Trump, GOP senators rally behind Acosta: The president and Republicans stepped up to defend Acosta amid the controversy, offering a mix of support for the embattled secretary and apathy about his role in the case.
Trump told reporters at the White House that Acosta has been a "very good" Labor secretary and that Acosta probably wished he had handled the Epstein plea deal "a different way."
The president also sought to distance himself from his onetime friend Epstein. The two men used to socialize together in Palm Beach, Fla., and Trump's relationship with Epstein has been a subject of rampant speculation among some observers.
"He was a fixture in Palm Beach. I had a falling out with him a long time ago. I don't think I've spoken to him for 15 years. I wasn't a fan," Trump said.
Several Senate Republicans also brushed off the criticism, signaling that they won't publicly pressure the Labor chief to step down.
- Sen. Lamar AlexanderLamar AlexanderAuthorities link ex-Tennessee governor to killing of Jimmy Hoffa associate The Republicans' deep dive into nativism Senate GOP faces retirement brain drain MORE (R-Tenn.), the chairman of the Health, Education, Labor and Pensions (HELP) Committee, told reporters that they had "looked into that thoroughly."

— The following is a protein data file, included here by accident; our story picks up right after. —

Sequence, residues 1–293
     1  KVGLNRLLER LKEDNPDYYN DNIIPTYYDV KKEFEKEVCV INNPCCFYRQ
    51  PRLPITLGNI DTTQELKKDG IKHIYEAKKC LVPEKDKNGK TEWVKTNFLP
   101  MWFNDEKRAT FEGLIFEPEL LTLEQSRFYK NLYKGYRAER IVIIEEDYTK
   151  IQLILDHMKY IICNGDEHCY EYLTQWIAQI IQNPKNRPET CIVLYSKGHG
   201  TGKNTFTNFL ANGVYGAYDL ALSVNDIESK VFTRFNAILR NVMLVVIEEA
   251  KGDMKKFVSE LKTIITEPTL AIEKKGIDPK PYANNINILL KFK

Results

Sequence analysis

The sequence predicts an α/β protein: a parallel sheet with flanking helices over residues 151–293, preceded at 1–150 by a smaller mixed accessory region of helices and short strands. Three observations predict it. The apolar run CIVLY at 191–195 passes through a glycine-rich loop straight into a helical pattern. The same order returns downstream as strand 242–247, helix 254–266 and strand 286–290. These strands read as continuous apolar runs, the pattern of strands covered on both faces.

- Sen. Shelley Moore CapitoShelley Wellons Moore CapitoOvernight Energy & Environment — Presented by Climate Power — Senate Democrats ding Biden energy proposal Capito grills EPA nominee on '#ResistCapitalism' tweet GOP senators unveil bill designating Taliban as terrorist organization MORE (W.Va.), a member of GOP leadership, said Monday that she talked to Acosta "several months ago about this and so I'm satisfied."
- Asked if Acosta should resign after she stopped to take a photo of an out-of-order clock near the Senate floor, Sen. Deb FischerDebra (Deb) Strobel FischerAustin, Milley to testify on Afghanistan withdrawal After messy Afghanistan withdrawal, questions remain House Democrats press leaders to include more funding for electric vehicles in spending plan MORE (Neb.), a member of GOP leadership, sidestepped. "I don't know. Why do you people ask this stuff?" she asked. "Don't you realize that we're working on tough legislation."